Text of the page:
Sign up for very good book news and stay in the know!

Lisa Moore on re-reading [guest post]

Lisa Moore
Lisa Moore is the bestselling author of the novels February, longlisted for the Man Booker Prize, and Alligator, a finalist for the Scotiabank Giller Prize. Her third novel, Caught, was released this month. Watch for her blog posts, throughout the month of June.

“What about the idea that the function of action is to express the characters? 
This is wrong. The characters are there to provide the action. Each character is
 created, and must only be so created, as to give his or her action (or rather, contributory part in the novel’s action) verisimilitude.” — Elizabeth Bowen, Notes on Writing a Novel

I would love to know the percentage of re-reading that serious readers do.

By ‘serious readers’ I mean those who would take their novels intravenously, if they could.

Those readers who will stand in a room lined with bulging bookshelves and feel their palms get sweaty, a begging thrum building up in their blood. A full-blown belting desire to somehow gulp down all the books and everything that’s in them.

Serious readers would chew through books, a gnashing of teeth and saliva, the way van Gogh is reported to have become frustrated and eaten his paint, right out of the tube.

He must have wanted an unmediated, more intimate relationship with art, needing to eliminate the brush, or all the fuss of making.

He must have wanted the pure stuff, uncut truth, pow to the heart. Vision. (There’s a theory that something in the white paint drove him mad (titanium?), and this may be a lesson, concerning the desire to know a whole story without allowing the proper passage of time to absorb it into the bloodstream. Narrative is linear. It must be absorbed methodically, one word after another. Linearity is narrative’s drug delivery system, linearity what burns off the rocket as it soars through the stratosphere, the sealskin coat we wear out on the white tundra to stop from freezing up.

But there’s also the panic — more acute as we all get older — that we will miss a good book. That we can’t get through them all. That they will yellow and get mouldy and the gilded edges of the pages will crumble away, turn to dust, and sink into the earth before we know what they said.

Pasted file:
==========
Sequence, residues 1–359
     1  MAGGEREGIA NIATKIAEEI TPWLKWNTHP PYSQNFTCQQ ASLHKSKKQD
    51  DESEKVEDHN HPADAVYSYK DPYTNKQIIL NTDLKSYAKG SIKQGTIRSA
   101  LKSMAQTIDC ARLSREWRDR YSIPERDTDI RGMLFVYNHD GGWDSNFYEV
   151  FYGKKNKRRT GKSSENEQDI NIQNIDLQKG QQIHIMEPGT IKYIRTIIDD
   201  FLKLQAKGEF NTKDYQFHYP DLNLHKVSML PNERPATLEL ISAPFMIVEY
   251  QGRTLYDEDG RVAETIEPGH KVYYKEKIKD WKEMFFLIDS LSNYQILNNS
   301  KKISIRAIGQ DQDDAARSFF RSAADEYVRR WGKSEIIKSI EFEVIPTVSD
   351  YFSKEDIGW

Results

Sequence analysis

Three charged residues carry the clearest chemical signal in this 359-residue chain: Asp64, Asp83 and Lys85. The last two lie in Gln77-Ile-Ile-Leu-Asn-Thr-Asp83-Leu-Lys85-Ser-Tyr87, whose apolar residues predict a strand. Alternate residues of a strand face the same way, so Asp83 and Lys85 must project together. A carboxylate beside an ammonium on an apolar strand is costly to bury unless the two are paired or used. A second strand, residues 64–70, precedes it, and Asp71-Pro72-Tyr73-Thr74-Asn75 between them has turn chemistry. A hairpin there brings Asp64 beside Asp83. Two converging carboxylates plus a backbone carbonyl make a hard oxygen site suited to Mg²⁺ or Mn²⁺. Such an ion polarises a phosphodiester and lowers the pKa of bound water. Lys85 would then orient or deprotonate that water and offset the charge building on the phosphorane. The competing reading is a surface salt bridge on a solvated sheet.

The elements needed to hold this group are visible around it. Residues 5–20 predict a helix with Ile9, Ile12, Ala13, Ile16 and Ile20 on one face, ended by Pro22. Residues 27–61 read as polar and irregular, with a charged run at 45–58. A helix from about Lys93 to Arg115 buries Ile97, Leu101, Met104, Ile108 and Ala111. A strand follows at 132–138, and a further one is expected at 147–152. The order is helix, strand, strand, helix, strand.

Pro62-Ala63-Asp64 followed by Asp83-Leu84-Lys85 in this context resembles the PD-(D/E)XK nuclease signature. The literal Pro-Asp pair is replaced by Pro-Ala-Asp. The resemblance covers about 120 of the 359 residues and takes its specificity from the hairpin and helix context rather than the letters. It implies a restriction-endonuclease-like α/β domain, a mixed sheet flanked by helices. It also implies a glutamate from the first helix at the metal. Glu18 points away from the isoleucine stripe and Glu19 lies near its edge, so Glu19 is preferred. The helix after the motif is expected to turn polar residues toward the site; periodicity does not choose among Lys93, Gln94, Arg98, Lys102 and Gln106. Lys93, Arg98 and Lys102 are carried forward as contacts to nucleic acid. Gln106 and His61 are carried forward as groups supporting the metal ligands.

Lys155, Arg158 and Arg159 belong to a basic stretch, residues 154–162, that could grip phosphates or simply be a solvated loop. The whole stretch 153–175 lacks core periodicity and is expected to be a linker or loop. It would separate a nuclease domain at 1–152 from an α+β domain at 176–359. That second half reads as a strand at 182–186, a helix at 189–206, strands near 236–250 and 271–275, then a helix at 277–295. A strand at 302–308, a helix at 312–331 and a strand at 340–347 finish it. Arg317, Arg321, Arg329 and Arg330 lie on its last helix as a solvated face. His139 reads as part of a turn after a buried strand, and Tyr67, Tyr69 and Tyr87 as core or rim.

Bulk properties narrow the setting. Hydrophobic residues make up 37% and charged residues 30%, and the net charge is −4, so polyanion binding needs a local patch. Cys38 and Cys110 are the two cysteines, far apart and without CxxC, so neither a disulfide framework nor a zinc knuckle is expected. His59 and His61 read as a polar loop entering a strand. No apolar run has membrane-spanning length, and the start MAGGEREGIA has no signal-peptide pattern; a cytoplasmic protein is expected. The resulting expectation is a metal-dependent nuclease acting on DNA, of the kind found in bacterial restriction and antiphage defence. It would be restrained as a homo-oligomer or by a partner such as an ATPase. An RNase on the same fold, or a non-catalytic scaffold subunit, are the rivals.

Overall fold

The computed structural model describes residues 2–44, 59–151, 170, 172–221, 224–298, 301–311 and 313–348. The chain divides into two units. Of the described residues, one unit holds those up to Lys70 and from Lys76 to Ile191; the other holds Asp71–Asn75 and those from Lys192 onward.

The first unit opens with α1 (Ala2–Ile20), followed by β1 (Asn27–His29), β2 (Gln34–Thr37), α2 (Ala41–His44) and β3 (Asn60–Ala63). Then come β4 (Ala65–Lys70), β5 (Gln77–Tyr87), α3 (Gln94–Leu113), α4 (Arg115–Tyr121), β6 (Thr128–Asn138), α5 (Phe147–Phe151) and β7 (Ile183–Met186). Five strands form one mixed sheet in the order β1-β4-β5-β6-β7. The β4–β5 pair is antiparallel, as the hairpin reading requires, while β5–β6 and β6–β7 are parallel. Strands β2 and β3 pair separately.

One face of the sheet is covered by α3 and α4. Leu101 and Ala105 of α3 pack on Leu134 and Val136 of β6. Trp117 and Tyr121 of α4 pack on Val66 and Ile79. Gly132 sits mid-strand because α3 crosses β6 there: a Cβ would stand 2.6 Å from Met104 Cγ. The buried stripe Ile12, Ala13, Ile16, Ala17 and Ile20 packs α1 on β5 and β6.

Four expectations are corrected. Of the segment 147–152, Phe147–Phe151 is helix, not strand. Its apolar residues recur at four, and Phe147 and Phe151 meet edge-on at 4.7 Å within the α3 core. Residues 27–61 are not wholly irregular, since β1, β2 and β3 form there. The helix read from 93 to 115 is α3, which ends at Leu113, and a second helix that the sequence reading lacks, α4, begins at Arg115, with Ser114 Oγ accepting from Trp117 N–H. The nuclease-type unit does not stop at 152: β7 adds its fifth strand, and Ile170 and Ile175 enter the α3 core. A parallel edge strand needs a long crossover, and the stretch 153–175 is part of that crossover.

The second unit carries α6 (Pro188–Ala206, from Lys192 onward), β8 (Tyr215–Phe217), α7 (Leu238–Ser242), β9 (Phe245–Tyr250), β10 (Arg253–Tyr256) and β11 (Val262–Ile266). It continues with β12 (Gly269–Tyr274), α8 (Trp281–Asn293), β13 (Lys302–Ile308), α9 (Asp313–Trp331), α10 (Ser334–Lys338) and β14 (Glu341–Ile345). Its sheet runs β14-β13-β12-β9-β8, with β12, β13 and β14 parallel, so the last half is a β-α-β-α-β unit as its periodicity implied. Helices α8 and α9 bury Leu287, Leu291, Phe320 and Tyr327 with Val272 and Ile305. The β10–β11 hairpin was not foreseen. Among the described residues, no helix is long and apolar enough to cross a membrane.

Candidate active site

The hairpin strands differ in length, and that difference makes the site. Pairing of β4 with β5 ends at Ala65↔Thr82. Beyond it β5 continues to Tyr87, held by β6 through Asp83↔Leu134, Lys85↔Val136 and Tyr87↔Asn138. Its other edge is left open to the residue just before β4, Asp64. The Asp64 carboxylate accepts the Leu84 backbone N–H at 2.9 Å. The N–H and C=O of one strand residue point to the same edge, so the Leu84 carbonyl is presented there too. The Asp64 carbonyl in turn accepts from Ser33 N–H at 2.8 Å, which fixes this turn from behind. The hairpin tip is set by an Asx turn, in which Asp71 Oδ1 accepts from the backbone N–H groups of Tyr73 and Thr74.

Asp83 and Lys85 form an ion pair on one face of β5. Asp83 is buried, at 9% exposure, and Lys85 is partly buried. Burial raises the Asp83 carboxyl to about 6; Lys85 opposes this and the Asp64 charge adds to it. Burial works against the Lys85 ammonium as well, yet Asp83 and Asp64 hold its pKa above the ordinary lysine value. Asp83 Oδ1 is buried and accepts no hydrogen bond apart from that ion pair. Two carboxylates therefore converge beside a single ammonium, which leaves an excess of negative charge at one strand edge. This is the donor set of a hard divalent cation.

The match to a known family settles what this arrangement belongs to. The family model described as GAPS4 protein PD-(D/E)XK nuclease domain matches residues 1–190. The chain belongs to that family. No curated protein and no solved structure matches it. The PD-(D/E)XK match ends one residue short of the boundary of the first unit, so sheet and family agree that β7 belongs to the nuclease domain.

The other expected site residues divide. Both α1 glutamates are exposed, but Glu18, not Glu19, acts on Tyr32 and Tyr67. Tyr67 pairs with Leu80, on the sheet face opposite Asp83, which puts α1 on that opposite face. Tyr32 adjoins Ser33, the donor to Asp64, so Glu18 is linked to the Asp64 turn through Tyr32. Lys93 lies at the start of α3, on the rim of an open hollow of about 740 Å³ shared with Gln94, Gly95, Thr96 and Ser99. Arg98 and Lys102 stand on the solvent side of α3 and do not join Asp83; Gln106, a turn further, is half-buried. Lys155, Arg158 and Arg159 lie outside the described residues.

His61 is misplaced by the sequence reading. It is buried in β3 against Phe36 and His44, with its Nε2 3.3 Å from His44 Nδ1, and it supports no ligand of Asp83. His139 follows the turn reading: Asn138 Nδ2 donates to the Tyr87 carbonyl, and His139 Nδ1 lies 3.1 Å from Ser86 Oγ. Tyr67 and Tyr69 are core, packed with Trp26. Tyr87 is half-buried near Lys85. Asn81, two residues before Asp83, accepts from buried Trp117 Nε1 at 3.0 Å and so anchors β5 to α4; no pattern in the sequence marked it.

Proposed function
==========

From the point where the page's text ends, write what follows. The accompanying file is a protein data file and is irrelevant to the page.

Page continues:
And so, considering this urgency, I want to know how many serious, ravenous readers re-read novels?

Does the act of re-reading make the novel new, no matter how many times we’ve read it? Does a good plot always deliver surprise, even when we know what’s coming?

And what is coming? Is it some crazy coupling of who we are when we read with the present moment, ever morphing (right now it is raining, the lilacs are reaching toward the window across a gravel path, the leaves are shiny and clean and very green, there’s a white plate smeared with ketchup near my elbow) and something stuck in time, the print on the page? The story. The past.

I would guess my own re-reading is perhaps fifty percent of all the reading I do. There are fiction writers whose voices I need to hear at least once a month.

The novels of the Irish writer Elizabeth Bowen are some I need to dip into at least once a month, even if it’s just a chapter. Or a line or two. But I have read them all more than once, some three times.

And about five years ago the writer Catherine Bush (whose new novel Accusation is coming out this fall, and I can’t wait!) told me about the essay Notes on Writing a Novel by Elizabeth Bowen.

It’s an essay I re-read and re-read. Take for instance an argument that Bowen poses very early in the essay: “The characters are there to provide action.”

Had I thought it was the other way around? What the hell does she mean? What is action? I answer these questions with different answers every time I read the essay.

Right now it seems to me that action is a kind of coming into being.

The work of a character is to drive herself through the novel, and to create a sense of unity and order out of the disorder of the cosmos.

Thinking is action. Emotion is action. Memory is action. Transformation is action. And to raise a hand to a forehead to brush away a strand of hair, or a difficult thought, that is also action.

Take this sentence from Bowen’s last novel, Eva Trout: “Iseult’s enjoyment of her oysters was at once methodical and voluptuous.”

And later this: “The very first she swallowed wrought a change in her. Greed softened and in a peculiar way spiritualized her abstruse beauty, with its touch of the schoolroom.”

Methodical, voluptuous, greedy, spiritualized, abstruse beauty with a touch of the schoolroom.

Maybe that’s how we read, and re-read, as well as how we eat oysters, one and then another one.

Tags  Author Blog
scroll to top